Here’s a nugget you might not know: The Oklahoma City Thunder leads the NBA in inter-conference victories. Their victory Monday night in Atlanta pushed the surprising Thunder to 15-4 against Eastern Conference opponents. Not bad for a team which won only 23 games last season. They’ve won 23 already this season.
The success of the Thunder against the East (they are only 8-14 in their own conference) drives home the point that, once again, after a one-year blip, the Western Conference, top-to-bottom, is the best. In nine inter-conference matchups on Martin Luther King Day, the West prevailed in seven, highlighted by the Thunder’s win in Atlanta, the Mavericks’ win over the Celtics in Boston and the Lakers’ victory over the Magic at the Staples Center.
The numbers after Monday: the West has a 138-96 record against the East, which, on a percentage basis, is the biggest in five years (59 percent.) Nine teams in the Western Conference have winning records against the East and a tenth, Houston, is at .500. By contrast, five teams in the East own winning records against the West and a sixth, Toronto, is at .500.
Wasn’t it supposed to be different this season? Shaq was moving from West to East. Vince Carter was going to Orlando to make the Magic better. The Raptors spent like drunken sailors on shore leave and seemed to be poised to return to the Land of the Relevant, even though more than a few eyebrows were raised with the mother lode showered upon Hedo Turkoglu. The Wizards looked ready to return to the post-season with a healthy Gilbert Arenas (how has that worked out? Oh well.)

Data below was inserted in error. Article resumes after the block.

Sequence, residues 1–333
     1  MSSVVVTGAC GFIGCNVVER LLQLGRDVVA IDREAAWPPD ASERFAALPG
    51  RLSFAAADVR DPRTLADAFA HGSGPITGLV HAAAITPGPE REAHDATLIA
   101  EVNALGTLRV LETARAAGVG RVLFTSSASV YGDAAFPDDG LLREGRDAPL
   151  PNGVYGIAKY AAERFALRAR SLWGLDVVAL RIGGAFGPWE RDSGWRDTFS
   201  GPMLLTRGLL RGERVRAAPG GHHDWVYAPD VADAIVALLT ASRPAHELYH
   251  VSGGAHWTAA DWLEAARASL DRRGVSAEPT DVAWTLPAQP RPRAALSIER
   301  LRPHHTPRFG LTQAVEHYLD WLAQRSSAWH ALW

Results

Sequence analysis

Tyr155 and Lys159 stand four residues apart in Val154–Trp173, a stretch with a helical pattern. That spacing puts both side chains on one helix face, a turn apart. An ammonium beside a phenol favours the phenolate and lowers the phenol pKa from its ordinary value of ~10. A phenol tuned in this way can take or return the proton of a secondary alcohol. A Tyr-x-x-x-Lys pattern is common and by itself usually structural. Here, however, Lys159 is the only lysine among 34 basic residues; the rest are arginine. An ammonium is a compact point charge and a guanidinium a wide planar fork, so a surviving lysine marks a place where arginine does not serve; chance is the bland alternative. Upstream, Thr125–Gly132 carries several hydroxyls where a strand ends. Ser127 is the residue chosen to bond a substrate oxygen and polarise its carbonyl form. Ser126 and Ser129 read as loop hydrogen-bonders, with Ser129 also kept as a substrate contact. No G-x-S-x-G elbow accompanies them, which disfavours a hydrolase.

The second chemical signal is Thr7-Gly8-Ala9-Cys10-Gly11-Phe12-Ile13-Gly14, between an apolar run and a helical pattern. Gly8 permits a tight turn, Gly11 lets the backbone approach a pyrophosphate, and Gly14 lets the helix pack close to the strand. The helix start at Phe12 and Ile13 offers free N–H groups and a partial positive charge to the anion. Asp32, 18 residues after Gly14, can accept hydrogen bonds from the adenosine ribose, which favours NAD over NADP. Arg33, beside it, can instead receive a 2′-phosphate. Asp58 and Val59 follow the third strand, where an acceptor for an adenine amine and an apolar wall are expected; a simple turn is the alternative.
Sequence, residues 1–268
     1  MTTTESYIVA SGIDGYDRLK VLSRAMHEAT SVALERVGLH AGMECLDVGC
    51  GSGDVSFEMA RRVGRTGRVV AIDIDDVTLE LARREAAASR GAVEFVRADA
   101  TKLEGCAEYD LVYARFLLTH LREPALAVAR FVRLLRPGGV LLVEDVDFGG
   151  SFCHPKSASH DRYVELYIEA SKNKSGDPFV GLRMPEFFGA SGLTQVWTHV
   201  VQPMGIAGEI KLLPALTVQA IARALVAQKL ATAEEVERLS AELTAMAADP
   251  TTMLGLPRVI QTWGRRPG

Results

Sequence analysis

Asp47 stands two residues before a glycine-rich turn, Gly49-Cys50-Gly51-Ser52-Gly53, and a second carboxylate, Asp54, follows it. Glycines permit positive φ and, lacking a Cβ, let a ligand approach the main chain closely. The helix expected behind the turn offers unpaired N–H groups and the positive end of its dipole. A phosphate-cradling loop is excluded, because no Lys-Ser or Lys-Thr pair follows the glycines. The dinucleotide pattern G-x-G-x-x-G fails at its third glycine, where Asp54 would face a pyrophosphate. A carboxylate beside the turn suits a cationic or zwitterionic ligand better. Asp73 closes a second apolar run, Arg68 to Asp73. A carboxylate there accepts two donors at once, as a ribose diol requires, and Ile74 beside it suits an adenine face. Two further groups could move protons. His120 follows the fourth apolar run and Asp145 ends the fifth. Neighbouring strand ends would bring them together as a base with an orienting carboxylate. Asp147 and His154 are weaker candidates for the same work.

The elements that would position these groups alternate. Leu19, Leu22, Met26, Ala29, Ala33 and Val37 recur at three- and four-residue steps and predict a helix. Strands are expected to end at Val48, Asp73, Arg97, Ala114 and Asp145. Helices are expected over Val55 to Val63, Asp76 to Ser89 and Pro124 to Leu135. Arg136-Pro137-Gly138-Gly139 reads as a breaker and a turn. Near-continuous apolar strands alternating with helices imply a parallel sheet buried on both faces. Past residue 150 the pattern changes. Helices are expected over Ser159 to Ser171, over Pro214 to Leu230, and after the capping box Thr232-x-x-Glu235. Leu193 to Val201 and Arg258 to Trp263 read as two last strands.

It seemed from the outside that the better teams in the East improved (the Celtics adding Rasheed Wallace, the Hawks’ adding Jamal Crawford) which would only strengthen the conference.
Well, the rich did get richer in the East. The Celtics, when healthy (still waiting, by the way, for that glorious day), are better. The Hawks are better. The Cavs may not match their 66 wins of a year ago, but they may be better suited for the playoffs. The Magic? Well, HoopsHype’s Eddie Johnson had two Orlando players (Carter, Dwight Howard) on his top 10 list of most disappointing players. Nonetheless, the Magic are 9-6 against the West and fourth overall in the East.
So what has caused such a shift from last season, when the Eastern Conference had a 231-219 record against the West? By the way, that has been the only season in the last five where the East has been remotely successful. To wit:
2005-06: West 252-198
2006-07: West 257-193
2007-08: West 258-192
2008-09: East 231-219
2009-10: West 138-96 (through Monday)
Here are a few thoughts.
- The lower echelon teams are in the East, again. Last year, there was a great divide in the West between the haves and the have-nots. Yes, the Phoenix Suns won 46 games which would have earned them a No. 4 seed in the East, and didn’t qualify for the playoffs. But the West also housed six of the worst seven worst teams in the NBA: Golden State, the Clippers, Sacramento, Minnesota, Oklahoma City and Memphis. Those five teams were 50-130 against the East, with the Kings a hideous 1-29. The remaining nine teams in the West last season were 181-89 against the East. This year, with the Nets leading the way (0-16 against the West), the worst teams appear to be back in the East. Five of the seven losingest teams are in the East.